A new fancy numbering font was in use, which featured the tiny printing branding of Somms, a style also used by several French club sides. And again, the material itself seemed eons ahead of the heavier shirts still common at the time.
Meanwhile, the Soviets, were still several years away from their wave of truly iconic national team shirts. Certain clubs such as Dynamo Kyiv and Spartak Moscow were already known for their own trademark styles and traits, which were arguably more beautiful than some of the commercialised French club shirts.
But in general, the club scene was far behind the French in terms of trends. The famous ‘CCCP’ on the national team shirts had at least always made them stand out, in a era of badges and not much else for most national sides in Europe. The minimal and tidy 1966 era USSR kit can be classed as an early highlight.
But by the time of our game in 1972, the visiting Soviets were back to wearing something more like their 1950s shirts, as big collars and plunging necklines came back into fashion replacing the sleek suaveness of the 60s. There was nothing wrong with it, just not particularly stylish.
And now we come back to the hosts. To start with, as we are also fans of kit accoutrements here at CWC, we must look at the French warm-up tops.
Featuring ‘France’ in a similar funky font as the new numbers, and with a large, white trefoil, it honestly wouldn’t look out of place on any high street today (it’s 2017 at the time of writing for any of you future folk scratching your chip implants).
When the French tops eventually came off, the faces of the USSR players must have gone as red as their old fuddy-duddy 1950s style shirts to see what the hosts had on in comparison (this would have particularly been true of the younger, hipper Soviet players).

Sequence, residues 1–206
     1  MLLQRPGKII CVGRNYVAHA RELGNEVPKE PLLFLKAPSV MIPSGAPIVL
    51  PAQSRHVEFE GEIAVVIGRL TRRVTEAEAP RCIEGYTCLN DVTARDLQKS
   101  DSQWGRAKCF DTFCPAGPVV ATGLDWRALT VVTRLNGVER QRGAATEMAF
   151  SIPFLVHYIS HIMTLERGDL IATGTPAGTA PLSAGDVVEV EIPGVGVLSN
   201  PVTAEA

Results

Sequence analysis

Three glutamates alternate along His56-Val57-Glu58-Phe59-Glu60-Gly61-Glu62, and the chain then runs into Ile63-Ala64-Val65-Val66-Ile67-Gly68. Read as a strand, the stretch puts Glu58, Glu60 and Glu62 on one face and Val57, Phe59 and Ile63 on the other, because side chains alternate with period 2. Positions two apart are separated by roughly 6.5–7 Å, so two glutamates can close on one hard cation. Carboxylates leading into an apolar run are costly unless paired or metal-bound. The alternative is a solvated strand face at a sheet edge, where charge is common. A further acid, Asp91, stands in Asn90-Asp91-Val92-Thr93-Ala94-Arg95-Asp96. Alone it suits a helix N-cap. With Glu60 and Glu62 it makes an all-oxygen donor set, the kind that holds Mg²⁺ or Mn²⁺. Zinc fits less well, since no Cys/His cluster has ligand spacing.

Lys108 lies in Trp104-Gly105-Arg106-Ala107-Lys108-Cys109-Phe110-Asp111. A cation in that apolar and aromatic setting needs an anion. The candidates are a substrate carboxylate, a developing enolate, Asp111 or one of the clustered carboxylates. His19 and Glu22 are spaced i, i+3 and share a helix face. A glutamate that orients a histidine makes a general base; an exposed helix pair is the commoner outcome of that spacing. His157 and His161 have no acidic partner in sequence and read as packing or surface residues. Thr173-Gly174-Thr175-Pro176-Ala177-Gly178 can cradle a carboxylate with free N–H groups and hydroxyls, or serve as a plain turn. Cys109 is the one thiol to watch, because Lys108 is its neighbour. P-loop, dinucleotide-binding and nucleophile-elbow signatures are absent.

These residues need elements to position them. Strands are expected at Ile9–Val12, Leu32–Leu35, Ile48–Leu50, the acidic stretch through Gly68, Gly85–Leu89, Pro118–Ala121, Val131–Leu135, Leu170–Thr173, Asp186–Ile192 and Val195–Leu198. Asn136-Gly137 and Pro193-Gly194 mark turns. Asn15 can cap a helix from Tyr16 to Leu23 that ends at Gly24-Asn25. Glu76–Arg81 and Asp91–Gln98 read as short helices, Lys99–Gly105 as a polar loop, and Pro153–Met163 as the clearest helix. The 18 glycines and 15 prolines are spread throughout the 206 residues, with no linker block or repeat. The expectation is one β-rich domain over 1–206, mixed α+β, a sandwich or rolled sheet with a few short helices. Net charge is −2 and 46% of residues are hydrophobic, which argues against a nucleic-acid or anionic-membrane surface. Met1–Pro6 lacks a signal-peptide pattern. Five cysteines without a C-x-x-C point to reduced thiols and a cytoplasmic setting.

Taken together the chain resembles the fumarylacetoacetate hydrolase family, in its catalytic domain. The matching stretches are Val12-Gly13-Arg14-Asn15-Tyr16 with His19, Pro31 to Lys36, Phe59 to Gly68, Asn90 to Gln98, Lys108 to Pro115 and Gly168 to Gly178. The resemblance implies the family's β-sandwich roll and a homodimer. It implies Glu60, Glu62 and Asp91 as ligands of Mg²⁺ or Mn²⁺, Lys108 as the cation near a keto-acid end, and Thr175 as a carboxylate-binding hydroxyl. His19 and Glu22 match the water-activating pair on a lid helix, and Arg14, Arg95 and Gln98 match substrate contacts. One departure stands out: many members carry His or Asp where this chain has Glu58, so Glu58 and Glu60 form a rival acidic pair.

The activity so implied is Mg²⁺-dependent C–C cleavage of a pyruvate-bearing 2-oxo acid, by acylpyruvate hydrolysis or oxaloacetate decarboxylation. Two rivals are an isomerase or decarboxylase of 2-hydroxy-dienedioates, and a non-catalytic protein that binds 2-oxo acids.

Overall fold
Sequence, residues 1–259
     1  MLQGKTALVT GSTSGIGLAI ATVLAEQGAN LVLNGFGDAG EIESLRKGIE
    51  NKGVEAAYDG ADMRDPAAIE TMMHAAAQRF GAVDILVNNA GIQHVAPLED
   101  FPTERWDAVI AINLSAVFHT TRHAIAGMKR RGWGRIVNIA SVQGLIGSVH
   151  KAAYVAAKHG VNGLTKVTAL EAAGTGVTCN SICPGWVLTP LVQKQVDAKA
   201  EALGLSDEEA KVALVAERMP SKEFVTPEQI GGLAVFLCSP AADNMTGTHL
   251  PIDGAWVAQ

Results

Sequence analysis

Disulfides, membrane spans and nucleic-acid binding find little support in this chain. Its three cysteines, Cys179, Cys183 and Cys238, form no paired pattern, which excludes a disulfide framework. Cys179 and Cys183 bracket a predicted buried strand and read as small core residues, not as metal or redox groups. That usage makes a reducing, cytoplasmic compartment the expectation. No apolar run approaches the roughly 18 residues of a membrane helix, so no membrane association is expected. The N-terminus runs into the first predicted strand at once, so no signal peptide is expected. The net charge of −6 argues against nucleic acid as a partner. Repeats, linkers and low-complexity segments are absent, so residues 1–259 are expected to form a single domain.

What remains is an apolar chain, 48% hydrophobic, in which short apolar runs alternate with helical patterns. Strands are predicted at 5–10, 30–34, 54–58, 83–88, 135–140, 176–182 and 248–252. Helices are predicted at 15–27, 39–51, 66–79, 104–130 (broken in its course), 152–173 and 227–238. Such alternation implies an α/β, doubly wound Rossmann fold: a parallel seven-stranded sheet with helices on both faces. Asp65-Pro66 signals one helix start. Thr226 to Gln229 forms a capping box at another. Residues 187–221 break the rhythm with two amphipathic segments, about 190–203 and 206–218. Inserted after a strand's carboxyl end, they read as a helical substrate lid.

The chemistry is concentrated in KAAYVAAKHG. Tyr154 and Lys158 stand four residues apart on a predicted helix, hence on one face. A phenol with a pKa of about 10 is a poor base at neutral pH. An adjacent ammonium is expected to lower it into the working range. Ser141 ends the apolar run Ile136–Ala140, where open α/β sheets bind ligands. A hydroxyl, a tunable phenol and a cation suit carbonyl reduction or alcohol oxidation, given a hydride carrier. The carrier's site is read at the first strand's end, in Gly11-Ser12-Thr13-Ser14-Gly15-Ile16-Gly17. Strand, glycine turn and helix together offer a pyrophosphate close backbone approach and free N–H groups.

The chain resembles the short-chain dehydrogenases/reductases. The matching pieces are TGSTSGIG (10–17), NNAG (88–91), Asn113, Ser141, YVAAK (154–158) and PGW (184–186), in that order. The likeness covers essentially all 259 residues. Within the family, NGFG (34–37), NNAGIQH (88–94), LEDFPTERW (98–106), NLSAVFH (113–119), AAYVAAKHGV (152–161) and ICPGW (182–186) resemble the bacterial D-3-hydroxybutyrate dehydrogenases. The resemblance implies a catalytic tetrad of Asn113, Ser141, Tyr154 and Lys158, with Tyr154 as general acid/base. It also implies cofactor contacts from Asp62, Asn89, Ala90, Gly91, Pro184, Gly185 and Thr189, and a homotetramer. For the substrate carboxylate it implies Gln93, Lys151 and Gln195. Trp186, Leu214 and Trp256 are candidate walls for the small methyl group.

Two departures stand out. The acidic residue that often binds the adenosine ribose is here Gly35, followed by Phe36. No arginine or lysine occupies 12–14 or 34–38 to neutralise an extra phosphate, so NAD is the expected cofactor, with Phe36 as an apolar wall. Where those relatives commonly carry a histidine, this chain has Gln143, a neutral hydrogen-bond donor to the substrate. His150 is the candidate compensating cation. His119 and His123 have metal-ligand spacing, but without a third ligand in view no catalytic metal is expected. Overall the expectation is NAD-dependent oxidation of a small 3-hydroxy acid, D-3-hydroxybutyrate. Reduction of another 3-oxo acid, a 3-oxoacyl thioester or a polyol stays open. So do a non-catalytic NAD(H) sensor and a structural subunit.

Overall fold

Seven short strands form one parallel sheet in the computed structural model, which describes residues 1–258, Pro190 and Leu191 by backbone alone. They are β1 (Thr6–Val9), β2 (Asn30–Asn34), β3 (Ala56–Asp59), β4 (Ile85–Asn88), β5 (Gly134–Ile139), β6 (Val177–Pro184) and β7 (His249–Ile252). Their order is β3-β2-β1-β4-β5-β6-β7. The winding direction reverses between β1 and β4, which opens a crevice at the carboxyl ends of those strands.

France were not in their usual blue, but were in a polished white change shirt, with blue, red and blue stripes down the long sleeves. Most likely inspired again from the domestic scene, numbers were featured on the front of the shirt. These numbers, like on the back, also featured the Somms mark, which may even also qualify as sponsorship as well as numbering. A subtle wrapover collar completed the cool look, and again, LCS shorts were in use, adding to the other worldliness of the whole ensemble.
With the addition of a modern adidas logo, and perhaps a reduction in size of the crest, I would have no problem buying it for a shirt of the modern age. With the Soviet’s 50s-style shirts in comparison, it’s fair to say that the two look over 40 years apart.
And, while no trefoil would appear just yet on the outfield shirts, the yellow goalkeeper shirt in fact would include the famous logo and wordmark, perhaps making its first appearance on an international kit, or at least close.
This means that there is a possibility that this was both the first time the adidas logo appeared on a shirt AS WELL AS frontal numbers, talk about historic! If anyone has any examples of either pre-dating this, please get in touch.
Frontal numbers on international shirts would not become the norm for another couple of decades – Euro 92 was the first major finals to mandate them – and the French were so far ahead of the curve that they gave up on the idea soon afterwards.
But, by the 1974 World Cup two years later, the rest of the world had started to catch up in style terms and it would soon be standard for countries on both sides of the Iron Curtain to be decked out in quality adidas-marked kits, among other brands.
In fact, by the 1980s in eastern Europe, literally every country appeared in lovely adidas football kits. Psychological motivation for this can perhaps be dated back to games like the aforementioned visit of the USSR to Paris, when it would have been an understatement to say that the French certainly looked (and presumably felt) like the more professional and up to date squad.
With the advancement of material production technology, let alone style, a need to compete even at this level eventually led to many communist country’s teams donning the logo of one of the most western, capitalist companies there was and becoming fabulous.
Which may have raised the uncomfortable question, “if communism is so great, can we not produce our own quality range of sports gear?”. Nobody could answer this and shortly after the Cold War would end.
You connect the dots.